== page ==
We don’t want to change, but we do want to grow perfect, and we trust that we will have done so once we have grown more perfectly who we are.
The belief that sustains us is our belief in our own importance. And the faith that justifies us is our faith in our own integrity, which is the one catholic and universal creed. Our day to day self-trust beats the blazing certitude of the most fanatical ranter. So long as we trust in our own unique gifts, we don’t need to trust in much else.
Vanity, like faith, is the evidence of things not seen by others. And yet the vain still need others to have faith in them.
How did we end up with so many illusions yet so few beliefs? Though I am willing to trade most of my misconceptions, I cling to the overestimation of my self-worth. ‘We can bear to be deprived of everything,’ Hazlitt says, ‘but our self-conceit.’
We use up our potential for belief by believing in ourselves. The only things that we have a strong belief in are the good things that we believe about ourselves. I trust so fervently in my own destiny, that I have a cold credit to spare for anything else. But I can coax myself to give my faith to all sorts of things, since my faith in all of them is transferred from my faith in myself. Our creeds are dim halos emitted by the fiery core of our self-belief.
We’ve known for a long time that the earth doesn’t stand at the pivot of the universe, and so I’m thankful that I am still the axis round which all bright things revolve.
I am resigned to my small and undistinguished place under the sun, not because I think so little of myself, but because I think so much of it. It is not our modesty but our conceit that makes us content with our lot.
Providence is the metaphysic of our ego. It justifies the fortunate, since their good fortune is blessed by God and will go on for all time. And it comforts the unlucky that their bad luck will one day be paid back in full. Our littleness stretches a vast way. We may not believe in God, but don’t we all trust in a power immeasurably bigger than us which is there to smooth our pathway through the briars of this world? Our inflated sense of our own entitlement translates the most inconsiderable coincidence into momentous destiny. No event that turns out in my favour is too insignificant to form part of God’s plan. How ready the unassuming are to see fate busy in their own small lives. We know that the hand of God is at work when we prevail, and that blind chance must be in charge when our rivals do. ‘No victor believes in chance,’ as Nietzsche points out. Providence has patently awarded us most of the merit, but has unaccountably awarded others most of the luck. ‘The power of fortune,’ as Swift wrote, ‘is confessed only by the miserable.’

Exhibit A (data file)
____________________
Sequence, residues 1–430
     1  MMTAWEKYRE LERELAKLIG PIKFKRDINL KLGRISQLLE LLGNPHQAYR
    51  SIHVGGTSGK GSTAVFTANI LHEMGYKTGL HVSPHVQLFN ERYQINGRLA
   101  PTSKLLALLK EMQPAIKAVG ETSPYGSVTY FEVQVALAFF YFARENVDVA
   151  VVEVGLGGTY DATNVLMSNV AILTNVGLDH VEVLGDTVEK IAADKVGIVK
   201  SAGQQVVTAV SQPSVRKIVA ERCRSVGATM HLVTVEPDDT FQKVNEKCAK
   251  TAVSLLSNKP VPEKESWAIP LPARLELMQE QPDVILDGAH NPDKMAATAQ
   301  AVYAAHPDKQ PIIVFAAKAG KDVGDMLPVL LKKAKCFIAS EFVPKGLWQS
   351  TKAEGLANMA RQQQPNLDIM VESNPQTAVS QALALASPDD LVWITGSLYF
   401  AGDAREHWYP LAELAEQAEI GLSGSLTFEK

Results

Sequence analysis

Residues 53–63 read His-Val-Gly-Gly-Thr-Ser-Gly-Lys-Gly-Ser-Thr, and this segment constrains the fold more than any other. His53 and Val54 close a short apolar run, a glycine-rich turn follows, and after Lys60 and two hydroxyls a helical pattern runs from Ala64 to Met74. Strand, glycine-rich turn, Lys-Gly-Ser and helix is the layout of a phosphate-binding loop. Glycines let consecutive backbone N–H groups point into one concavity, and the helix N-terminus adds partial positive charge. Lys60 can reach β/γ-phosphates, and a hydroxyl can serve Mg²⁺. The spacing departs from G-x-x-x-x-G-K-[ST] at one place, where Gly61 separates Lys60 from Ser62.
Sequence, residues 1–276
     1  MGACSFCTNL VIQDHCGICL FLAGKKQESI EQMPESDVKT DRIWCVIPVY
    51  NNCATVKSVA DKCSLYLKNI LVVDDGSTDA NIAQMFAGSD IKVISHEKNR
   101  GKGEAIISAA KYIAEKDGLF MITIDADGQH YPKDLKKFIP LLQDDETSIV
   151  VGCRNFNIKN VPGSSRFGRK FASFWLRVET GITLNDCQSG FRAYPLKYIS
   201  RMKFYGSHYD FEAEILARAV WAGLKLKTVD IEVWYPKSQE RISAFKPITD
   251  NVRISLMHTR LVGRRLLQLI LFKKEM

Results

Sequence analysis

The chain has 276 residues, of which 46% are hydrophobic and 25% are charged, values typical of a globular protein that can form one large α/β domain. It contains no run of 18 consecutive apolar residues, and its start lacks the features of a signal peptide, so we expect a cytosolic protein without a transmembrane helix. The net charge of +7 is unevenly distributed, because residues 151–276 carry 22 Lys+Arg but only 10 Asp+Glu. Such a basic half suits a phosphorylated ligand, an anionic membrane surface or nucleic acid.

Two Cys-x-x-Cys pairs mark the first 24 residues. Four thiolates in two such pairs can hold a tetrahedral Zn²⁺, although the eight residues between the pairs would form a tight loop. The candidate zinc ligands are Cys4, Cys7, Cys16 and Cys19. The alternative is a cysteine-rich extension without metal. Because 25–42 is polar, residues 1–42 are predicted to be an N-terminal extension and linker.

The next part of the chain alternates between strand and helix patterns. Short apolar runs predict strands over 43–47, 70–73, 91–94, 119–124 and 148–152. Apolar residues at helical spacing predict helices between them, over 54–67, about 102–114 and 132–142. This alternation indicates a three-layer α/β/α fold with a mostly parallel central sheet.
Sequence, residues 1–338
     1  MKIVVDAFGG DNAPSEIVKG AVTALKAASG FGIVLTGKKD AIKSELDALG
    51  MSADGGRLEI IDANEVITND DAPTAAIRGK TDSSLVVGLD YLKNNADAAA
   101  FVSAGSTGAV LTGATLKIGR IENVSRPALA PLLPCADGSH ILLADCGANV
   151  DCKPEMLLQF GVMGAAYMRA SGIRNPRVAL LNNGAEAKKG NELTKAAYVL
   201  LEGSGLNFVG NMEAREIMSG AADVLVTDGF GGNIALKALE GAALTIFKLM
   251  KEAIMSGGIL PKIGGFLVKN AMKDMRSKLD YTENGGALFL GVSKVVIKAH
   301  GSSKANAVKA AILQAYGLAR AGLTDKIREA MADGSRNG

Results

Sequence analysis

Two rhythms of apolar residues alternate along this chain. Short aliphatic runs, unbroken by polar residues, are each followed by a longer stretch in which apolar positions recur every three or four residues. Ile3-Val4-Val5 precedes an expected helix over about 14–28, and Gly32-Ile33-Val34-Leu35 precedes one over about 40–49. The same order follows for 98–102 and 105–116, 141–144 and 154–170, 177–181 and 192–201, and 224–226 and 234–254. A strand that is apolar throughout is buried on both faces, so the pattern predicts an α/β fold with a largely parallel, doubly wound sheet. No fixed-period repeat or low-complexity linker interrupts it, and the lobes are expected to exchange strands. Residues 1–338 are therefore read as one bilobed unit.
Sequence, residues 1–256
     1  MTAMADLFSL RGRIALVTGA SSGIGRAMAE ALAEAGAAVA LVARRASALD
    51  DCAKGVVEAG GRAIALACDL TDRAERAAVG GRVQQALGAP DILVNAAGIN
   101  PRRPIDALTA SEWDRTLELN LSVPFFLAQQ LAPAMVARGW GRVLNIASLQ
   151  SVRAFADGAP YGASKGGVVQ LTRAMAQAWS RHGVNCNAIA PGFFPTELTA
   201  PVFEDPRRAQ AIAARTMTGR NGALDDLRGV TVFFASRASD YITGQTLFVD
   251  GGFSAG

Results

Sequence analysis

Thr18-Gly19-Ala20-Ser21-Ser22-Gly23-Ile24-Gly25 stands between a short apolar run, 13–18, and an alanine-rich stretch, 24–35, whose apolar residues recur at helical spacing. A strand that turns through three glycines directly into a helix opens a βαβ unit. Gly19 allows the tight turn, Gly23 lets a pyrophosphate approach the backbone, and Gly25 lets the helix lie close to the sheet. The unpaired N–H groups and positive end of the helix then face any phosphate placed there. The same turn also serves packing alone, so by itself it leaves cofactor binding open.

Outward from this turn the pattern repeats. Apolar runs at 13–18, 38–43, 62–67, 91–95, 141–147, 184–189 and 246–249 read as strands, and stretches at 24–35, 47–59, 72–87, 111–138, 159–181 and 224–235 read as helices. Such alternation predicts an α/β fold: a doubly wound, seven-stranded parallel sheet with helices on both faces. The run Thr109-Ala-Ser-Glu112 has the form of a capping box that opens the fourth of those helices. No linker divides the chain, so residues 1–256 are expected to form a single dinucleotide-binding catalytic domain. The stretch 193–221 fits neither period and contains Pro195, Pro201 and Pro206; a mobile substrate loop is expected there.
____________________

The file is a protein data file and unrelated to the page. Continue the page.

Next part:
When you’re young, you may fancy now and then that you can hear the loom of the fates weaving your destiny, but when you’re old all you feel is the threads unwinding.
Some of us would rather believe that we are dogged by a malevolent demon, than that we have been abandoned to a cold universe. ‘Our egoism,’ Renard says, ‘is so excessive, that in a deluge we believe the thunder to be directed at us alone.’
Many people sigh and whine that luck has allotted them such scant pay, but few that it has allotted them such scant talents. The humblest people presume that they would be blissfully happy, if only they got what was due to them. Has anyone had a revelation that told them that they don’t matter enough to damn or to beatify?
Many people reckon their success so massive, that they feel obligated to ascribe it modestly to luck or to the gift of God. So they disguise their self-worship as gratitude to some superhuman source.
We swell our self-worth by our insistence that we are self-made or else by our praise of those who have made us what we are.
The poor know that God loves them because he loves the poor, and the rich know that God loves them because he has made them rich. Providence is the complacence of the prosperous and the consolation of the afflicted.